Earth and Environmental Science student Thomas Burke sees puffins, spectacular scenery and some interesting weather while creating a geological map of the Isle of Mull during a residential field module.
PhD student Alhaji Ibrahim Sankoh meets scavengers living on waste dumps and farm workers working with dangerous pesticides while researching the damage caused by widespread chemical contamination on the people and environment of his homeland.
Geologist Dr Yani Najman scours the Indian Himalaya, searching for evidence of when the mountain belt was formed. Scaling the mountains and finding the right rocks is only half the battle.
On the final day of the Lancaster Environment Centre’s annual trip to Doñana National Park in southern Spain, Professor Nigel Paul reflects on how field work has changed in the past 60 years, and on the future challenges facing a new generation of ecologists and biologists
On the sixth day of their field course, Professor Nigel Paul describes how the students leave the Doñana National Park in southern Spain and head for the city of Sevilla, learning about the perils of invasive species en route.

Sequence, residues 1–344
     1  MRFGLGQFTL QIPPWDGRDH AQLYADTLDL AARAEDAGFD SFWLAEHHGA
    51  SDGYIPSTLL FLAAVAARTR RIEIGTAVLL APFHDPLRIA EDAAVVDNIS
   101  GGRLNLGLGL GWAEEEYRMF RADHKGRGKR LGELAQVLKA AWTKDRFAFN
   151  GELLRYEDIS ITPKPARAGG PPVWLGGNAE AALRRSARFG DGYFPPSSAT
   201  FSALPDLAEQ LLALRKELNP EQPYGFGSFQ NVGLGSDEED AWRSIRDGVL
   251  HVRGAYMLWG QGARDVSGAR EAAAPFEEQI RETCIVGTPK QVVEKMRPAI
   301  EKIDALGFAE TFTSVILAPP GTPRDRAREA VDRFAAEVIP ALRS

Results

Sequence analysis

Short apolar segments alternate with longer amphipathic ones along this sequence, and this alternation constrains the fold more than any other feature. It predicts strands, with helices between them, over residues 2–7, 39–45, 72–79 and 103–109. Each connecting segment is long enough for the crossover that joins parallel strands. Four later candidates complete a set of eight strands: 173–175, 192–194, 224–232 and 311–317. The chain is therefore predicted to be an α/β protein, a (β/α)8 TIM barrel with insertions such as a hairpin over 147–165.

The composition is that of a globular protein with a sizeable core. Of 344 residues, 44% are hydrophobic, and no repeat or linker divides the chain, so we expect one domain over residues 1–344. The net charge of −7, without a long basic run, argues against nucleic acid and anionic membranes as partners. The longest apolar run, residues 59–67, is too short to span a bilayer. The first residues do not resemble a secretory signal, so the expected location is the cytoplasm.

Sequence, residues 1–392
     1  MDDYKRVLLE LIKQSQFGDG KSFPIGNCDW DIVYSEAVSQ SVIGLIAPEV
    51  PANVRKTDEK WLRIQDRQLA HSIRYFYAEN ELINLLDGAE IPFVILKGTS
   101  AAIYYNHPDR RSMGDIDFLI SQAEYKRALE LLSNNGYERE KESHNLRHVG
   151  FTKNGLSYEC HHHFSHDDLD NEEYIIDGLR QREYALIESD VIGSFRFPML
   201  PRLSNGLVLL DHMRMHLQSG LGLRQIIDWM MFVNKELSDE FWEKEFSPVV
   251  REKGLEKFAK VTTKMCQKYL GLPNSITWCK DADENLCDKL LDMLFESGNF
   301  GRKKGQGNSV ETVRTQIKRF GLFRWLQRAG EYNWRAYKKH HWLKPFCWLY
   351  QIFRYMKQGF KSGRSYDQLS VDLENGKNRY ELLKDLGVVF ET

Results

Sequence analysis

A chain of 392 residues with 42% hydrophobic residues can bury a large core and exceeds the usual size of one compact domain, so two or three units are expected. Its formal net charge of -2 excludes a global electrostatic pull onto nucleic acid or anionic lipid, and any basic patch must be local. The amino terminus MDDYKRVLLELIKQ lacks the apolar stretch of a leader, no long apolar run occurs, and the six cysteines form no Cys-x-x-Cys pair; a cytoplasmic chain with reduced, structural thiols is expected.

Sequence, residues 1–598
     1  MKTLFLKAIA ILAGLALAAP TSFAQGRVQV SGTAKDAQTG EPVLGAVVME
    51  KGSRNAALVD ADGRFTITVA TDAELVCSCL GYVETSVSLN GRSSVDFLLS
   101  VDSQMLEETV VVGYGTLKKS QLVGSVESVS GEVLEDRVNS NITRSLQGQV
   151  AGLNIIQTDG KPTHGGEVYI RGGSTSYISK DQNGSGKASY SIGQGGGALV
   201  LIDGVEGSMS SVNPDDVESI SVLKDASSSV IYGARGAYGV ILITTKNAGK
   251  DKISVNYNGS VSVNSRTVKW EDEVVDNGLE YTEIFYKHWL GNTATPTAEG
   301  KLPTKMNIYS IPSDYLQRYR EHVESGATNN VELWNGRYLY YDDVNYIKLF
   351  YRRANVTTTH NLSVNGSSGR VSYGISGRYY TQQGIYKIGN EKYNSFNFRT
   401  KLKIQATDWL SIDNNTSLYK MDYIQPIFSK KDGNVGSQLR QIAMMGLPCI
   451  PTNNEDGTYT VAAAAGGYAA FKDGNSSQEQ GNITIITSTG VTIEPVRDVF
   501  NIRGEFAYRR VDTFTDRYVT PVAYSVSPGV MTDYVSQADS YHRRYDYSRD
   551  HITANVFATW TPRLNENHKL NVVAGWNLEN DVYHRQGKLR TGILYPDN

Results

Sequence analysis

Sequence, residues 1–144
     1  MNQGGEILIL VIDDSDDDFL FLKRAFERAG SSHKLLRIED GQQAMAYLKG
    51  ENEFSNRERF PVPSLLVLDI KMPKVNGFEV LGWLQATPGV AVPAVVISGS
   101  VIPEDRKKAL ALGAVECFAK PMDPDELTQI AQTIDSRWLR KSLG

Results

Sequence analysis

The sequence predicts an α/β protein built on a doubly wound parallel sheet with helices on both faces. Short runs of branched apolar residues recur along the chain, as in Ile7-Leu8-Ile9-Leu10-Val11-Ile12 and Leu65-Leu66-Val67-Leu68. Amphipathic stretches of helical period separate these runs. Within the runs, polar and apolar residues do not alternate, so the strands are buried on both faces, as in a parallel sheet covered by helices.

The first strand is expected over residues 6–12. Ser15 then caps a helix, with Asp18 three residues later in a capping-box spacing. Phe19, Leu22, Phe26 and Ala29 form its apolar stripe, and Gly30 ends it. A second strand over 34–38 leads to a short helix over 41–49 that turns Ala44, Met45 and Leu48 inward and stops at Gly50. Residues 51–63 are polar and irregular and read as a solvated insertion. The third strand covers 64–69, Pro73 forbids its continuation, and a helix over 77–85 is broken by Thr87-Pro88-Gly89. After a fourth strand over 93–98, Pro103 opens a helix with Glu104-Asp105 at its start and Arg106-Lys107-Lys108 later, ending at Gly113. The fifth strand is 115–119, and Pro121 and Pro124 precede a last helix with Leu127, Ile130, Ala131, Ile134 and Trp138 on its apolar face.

After three solid days in the field around Doñana National Park in southern Spain, this is the day when the students write-up one of their field days as a poster. It gives Professor Nigel Paul some time to think about the challenges of conservation, and to identify some of the highlights of trip.
Smells, sunshine, sea and plenty of insects characterised the last day students spent in the forests of Doñana National Park in southern Spain, explains plant biologist, Professor Nigel Paul, from the Lancaster Environment Centre.
On the third day of the Lancaster Environment Centre’s annual field trip to the Doñana National Park in southern Spain, the students had a rare sighting and witnessed the ball control skills of dung beetles. Professor Nigel Paul explains.
In the second of his blogs about the Lancaster Environment Centre’s annual trip to Doñana National Park in southern Spain, Professor Nigel Paul tells how the first year students got a real taste of life as a field ecologist.
Bee-eaters, booted eagles and wild boar were among the sightings at the start of Lancaster Environment Centre’s annual field course to Southern Spain. In the first of a series of blogs, Professor Nigel Paul recalls what is so special about these yearly visits.